Conditioned Response in Classical Conditioning

Cat exhibiting conditioned response
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In classical conditioning, the conditioned response is the learned response to the previously neutral stimulus. For example, the smell of food is an unconditioned stimulus, a feeling of hunger in response to the smell is an unconditioned response, and the sound of a whistle when you smell the food is the conditioned stimulus. The conditioned response would be feeling hungry when you heard the sound of the whistle.

While studying classical conditioning, you might find it helpful to remember that the conditioned response is the learned reflexive response.

The classical conditioning process is all about pairing a previously neutral stimulus with another stimulus that naturally produces a response. After pairing the presentation of these two together enough times, an association is formed. The previously neutral stimulus will then evoke the response all on its own. At this point, the response becomes known as the conditioned response.

Identifying a Conditioned Response

Distinguishing between the unconditioned response and the conditioned response can sometimes be difficult. Here are a few things to remember as you are trying to identify a conditioned response:

  • The conditioned response must be learned, while the unconditioned response takes place with no learning.
  • The conditioned response will only occur after an association has been made between an unconditioned stimulus and a conditioned stimulus.

Some examples of conditioned responses include:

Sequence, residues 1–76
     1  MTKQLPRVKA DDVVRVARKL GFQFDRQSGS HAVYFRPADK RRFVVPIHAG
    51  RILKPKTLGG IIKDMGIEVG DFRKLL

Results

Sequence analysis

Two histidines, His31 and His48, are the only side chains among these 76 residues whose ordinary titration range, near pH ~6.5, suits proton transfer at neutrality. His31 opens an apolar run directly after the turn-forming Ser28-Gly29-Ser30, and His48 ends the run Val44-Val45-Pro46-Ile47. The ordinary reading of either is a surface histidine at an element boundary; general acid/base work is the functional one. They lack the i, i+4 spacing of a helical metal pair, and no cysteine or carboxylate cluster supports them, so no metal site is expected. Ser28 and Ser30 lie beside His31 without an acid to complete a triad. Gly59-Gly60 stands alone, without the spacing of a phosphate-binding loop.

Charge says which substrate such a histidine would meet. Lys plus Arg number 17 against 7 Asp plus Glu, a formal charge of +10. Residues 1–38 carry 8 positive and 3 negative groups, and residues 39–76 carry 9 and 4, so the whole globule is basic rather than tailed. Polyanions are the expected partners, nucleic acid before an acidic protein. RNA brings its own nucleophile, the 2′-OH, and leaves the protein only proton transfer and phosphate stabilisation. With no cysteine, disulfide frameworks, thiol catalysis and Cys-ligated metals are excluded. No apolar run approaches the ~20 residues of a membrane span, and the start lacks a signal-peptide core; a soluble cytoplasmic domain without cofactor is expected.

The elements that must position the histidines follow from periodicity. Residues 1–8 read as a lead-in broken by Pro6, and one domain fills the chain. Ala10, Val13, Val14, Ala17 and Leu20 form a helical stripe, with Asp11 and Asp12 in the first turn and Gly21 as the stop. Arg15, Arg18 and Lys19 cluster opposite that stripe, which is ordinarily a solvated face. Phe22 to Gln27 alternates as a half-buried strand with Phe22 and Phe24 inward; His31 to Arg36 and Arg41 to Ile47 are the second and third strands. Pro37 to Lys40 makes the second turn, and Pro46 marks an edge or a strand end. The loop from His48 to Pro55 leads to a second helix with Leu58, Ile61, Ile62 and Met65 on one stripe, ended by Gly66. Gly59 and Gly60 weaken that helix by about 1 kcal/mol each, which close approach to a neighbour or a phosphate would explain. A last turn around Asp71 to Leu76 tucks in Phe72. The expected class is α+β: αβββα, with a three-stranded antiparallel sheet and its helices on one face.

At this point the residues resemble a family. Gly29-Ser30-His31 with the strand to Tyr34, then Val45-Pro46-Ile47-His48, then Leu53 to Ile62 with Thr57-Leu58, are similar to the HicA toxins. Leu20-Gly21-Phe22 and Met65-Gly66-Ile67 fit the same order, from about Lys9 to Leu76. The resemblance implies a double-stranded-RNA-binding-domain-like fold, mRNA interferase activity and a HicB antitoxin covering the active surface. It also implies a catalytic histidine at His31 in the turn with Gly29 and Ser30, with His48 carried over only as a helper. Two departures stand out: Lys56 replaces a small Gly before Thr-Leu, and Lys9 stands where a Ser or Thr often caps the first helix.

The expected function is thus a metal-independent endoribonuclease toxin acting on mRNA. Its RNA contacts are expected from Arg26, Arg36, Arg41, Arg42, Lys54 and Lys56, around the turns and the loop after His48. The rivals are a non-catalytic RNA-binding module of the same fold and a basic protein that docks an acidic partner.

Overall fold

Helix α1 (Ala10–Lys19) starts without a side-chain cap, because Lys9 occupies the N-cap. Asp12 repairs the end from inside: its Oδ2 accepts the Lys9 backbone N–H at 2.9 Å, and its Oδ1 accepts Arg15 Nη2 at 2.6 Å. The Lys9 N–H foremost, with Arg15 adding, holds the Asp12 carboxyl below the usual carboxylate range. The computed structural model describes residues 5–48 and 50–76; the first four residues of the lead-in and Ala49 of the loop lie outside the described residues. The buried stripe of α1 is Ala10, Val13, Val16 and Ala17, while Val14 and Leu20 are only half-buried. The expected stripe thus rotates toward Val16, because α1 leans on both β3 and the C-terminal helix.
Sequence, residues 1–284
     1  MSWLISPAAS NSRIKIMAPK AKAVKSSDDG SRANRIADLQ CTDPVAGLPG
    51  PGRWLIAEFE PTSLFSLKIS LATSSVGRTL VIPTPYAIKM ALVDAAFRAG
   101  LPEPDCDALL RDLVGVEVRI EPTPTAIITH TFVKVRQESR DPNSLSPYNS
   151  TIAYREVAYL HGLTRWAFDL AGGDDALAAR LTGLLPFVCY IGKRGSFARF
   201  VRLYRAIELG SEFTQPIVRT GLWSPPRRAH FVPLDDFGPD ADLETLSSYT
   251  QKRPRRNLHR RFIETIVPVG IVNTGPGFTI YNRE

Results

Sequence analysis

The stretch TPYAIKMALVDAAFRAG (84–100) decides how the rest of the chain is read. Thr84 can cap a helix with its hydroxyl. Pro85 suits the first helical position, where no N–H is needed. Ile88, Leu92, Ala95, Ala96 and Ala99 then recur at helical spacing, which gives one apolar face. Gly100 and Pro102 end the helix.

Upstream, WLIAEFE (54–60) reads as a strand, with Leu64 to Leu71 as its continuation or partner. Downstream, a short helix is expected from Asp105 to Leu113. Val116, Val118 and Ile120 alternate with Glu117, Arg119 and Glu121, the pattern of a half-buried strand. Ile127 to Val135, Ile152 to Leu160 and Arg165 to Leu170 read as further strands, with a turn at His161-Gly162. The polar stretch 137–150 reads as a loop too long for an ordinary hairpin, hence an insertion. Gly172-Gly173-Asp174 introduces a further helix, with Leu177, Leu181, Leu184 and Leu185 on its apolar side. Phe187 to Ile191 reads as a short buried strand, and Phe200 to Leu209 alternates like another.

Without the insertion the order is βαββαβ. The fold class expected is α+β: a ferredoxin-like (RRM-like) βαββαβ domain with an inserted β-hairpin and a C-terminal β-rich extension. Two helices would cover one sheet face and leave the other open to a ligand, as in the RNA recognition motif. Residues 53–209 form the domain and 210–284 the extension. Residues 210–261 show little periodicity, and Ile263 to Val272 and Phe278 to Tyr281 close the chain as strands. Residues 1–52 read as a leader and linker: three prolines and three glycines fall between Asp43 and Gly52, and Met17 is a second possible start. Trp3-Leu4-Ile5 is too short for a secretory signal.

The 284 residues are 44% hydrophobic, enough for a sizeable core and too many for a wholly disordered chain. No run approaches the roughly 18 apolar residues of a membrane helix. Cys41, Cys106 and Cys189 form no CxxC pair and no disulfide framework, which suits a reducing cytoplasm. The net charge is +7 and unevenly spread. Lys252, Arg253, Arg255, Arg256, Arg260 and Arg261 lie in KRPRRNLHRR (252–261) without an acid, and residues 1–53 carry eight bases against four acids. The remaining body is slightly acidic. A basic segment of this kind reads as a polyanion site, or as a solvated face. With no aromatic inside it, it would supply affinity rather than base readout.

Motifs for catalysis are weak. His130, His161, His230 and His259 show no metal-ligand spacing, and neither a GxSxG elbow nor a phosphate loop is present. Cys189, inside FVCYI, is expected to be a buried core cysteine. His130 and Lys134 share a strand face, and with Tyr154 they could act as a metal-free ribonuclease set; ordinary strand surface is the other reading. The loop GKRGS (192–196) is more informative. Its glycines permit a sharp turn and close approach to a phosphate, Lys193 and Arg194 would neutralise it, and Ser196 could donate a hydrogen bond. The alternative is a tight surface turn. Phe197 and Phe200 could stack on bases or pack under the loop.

• If you witness a terrible car accident, you might develop a fear of driving. Many phobias begin after a person has had a negative experience with the fear object.
  • If your pet is accustomed to being fed after hearing the sound of a can or bag being opened, they might become very excited when hearing that sound.
  • If your child receives regular immunizations, and cries as a result of these injections, they may come to associate a doctor's white jacket with this painful experience. Eventually, the child might begin to cry whenever they see anyone wearing a white coat.
  • If you are bitten by a barking dog, you may experience feelings of fear and anxiety whenever you hear a barking noise.

In Classical Conditioning

Let's take a closer look at how the conditioned response works in classical conditioning. Russian physiologist Ivan Pavlov first discovered the classical conditioning process during his research on the salivary systems of dogs. Pavlov noted that the dogs would salivate to the taste of meat, but that after a while they also began to salivate whenever they saw the white coat of the lab assistant who delivered the meat.

To look a closer at this phenomenon, Pavlov introduced the sound of a tone whenever the animals were fed. Eventually, an association was formed, and the animals would salivate whenever they heard the sound, even if no food was present.